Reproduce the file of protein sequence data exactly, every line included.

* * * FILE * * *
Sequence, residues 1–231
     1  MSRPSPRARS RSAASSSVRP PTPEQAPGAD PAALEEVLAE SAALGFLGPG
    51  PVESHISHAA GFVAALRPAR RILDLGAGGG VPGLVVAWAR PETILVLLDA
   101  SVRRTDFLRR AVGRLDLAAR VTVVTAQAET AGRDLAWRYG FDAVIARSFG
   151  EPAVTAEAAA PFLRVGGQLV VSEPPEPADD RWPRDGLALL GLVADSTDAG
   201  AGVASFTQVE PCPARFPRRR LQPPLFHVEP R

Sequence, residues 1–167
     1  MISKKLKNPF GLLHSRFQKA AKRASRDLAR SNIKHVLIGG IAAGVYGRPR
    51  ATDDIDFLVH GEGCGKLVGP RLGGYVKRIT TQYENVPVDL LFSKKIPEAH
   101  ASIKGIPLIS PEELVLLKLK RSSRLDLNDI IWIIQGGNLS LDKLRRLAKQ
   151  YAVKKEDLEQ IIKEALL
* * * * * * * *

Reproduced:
Sequence, residues 1–231
     1  MSRPSPRARS RSAASSSVRP PTPEQAPGAD PAALEEVLAE SAALGFLGPG
    51  PVESHISHAA GFVAALRPAR RILDLGAGGG VPGLVVAWAR PETILVLLDA
   101  SVRRTDFLRR AVGRLDLAAR VTVVTAQAET AGRDLAWRYG FDAVIARSFG
   151  EPAVTAEAAA PFLRVGGQLV VSEPPEPADD RWPRDGLALL GLVADSTDAG
   201  AGVASFTQVE PCPARFPRRR LQPPLFHVEP R

Sequence, residues 1–167
     1  MISKKLKNPF GLLHSRFQKA AKRASRDLAR SNIKHVLIGG IAAGVYGRPR
    51  ATDDIDFLVH GEGCGKLVGP RLGGYVKRIT TQYENVPVDL LFSKKIPEAH
   101  ASIKGIPLIS PEELVLLKLK RSSRLDLNDI IWIIQGGNLS LDKLRRLAKQ
   151  YAVKKEDLEQ IIKEALL